Mecca, Oct 18 (CNA) – The Grand Mosque in the Muslim holy city of Mecca in Saudi Arabia operated at full capacity on Sunday (Oct 17), with worshippers praying shoulder-to-shoulder for the first time since the COVID-19 pandemic began.
Workers removed floor markings that guide people to social distance in and around the Grand Mosque, which is built around the Kaaba, the black cubic structure towards which Muslims around the world pray.
“This is in line with the decision to ease precautionary measures and to allow pilgrims and visitors to the Grand Mosque at full capacity,” reported the official Saudi Press Agency (SPA).
Pictures and footage on Sunday morning showed people praying side by side, making straight rows of worshippers that are formations revered in performing Muslim prayers, for the first time since the pandemic took hold last year.
While social distancing measures were lifted, the authorities said that visitors must be fully vaccinated against the coronavirus and must continue to wear masks on mosque grounds.
Also, the Kaaba remained cordoned off and out of reach.
Saudi Arabia announced in August that it will begin accepting vaccinated foreigners wanting to make the umrah pilgrimage.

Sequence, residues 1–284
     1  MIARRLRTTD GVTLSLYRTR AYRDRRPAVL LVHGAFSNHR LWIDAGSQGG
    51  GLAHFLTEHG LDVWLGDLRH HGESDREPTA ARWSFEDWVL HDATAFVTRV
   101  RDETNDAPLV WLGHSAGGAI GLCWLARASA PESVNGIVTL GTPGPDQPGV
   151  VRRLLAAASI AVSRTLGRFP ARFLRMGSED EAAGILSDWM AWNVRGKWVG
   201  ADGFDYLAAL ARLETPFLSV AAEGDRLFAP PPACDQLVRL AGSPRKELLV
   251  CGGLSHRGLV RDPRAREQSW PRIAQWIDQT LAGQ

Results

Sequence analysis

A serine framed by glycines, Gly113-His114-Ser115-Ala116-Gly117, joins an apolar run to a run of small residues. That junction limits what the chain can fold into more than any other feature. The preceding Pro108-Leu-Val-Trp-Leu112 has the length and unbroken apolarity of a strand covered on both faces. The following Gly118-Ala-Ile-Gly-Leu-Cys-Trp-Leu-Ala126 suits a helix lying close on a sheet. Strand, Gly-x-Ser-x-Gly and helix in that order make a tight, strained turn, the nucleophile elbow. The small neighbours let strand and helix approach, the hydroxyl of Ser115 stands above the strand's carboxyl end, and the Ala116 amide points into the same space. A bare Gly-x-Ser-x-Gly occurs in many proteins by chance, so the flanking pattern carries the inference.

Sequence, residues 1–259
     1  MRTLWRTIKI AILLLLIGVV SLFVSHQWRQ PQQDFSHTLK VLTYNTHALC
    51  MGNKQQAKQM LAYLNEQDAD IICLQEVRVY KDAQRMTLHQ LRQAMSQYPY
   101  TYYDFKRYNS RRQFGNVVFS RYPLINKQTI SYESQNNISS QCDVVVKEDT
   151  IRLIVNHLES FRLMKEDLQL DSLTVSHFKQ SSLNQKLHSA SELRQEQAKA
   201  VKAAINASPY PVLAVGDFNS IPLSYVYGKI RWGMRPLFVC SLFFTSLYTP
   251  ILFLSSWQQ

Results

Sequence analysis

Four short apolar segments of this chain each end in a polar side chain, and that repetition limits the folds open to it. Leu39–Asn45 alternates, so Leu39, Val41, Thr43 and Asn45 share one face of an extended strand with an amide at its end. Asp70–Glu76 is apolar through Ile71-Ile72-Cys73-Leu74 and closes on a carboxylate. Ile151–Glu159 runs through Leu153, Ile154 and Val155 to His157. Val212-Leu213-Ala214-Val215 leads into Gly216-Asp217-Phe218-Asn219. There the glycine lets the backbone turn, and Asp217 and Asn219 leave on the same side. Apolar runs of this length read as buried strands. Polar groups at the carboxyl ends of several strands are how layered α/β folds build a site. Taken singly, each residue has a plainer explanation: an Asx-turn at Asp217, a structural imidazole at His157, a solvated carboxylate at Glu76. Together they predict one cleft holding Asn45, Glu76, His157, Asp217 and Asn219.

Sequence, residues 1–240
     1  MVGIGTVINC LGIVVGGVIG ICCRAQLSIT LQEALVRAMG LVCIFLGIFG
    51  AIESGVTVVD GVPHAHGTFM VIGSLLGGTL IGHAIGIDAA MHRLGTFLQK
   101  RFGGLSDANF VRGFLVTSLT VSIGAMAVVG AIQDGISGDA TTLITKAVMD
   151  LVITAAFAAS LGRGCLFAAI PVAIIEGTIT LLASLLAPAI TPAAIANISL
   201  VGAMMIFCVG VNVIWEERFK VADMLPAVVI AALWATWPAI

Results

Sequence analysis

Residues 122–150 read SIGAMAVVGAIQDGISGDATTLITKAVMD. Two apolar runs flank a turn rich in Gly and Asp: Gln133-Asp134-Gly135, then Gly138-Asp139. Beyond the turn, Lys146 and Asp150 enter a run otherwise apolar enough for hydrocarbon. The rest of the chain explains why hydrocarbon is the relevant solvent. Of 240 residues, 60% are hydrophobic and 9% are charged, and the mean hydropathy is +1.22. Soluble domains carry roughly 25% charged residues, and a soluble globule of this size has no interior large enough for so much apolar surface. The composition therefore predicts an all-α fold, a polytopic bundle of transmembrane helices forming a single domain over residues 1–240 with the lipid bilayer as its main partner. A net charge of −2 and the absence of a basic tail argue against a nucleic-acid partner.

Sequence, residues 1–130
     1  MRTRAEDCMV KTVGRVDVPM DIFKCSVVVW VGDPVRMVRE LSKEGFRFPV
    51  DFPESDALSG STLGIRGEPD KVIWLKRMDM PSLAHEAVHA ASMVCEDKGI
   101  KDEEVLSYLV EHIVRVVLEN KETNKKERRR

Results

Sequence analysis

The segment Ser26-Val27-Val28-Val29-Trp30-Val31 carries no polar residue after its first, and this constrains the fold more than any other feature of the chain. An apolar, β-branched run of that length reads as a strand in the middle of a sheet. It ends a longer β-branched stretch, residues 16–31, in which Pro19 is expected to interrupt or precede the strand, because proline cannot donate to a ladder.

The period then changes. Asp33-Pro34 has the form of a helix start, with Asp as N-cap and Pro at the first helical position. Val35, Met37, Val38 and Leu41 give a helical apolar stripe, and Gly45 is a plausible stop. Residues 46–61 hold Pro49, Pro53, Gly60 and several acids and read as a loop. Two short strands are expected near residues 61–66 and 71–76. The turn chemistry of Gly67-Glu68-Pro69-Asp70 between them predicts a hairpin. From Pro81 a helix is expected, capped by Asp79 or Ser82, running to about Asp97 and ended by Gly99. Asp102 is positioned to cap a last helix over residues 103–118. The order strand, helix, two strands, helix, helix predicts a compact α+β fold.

The umrah can be undertaken at any time and usually draws millions from around the globe, as does the annual Haj, which able-bodied Muslims who have the means must perform at least once in their lifetimes.
In July, only around 60,000 inoculated residents were allowed to take part in a vastly scaled down form of the annual Haj.
The COVID-19 pandemic hugely disrupted both Muslim pilgrimages, which are usually key revenue earners for the kingdom that rake in a combined US$12 billion annually.
Hosting the pilgrimages is a matter of prestige for Saudi rulers, for whom the custodianship of Islam’s holiest sites is their most powerful source of political legitimacy.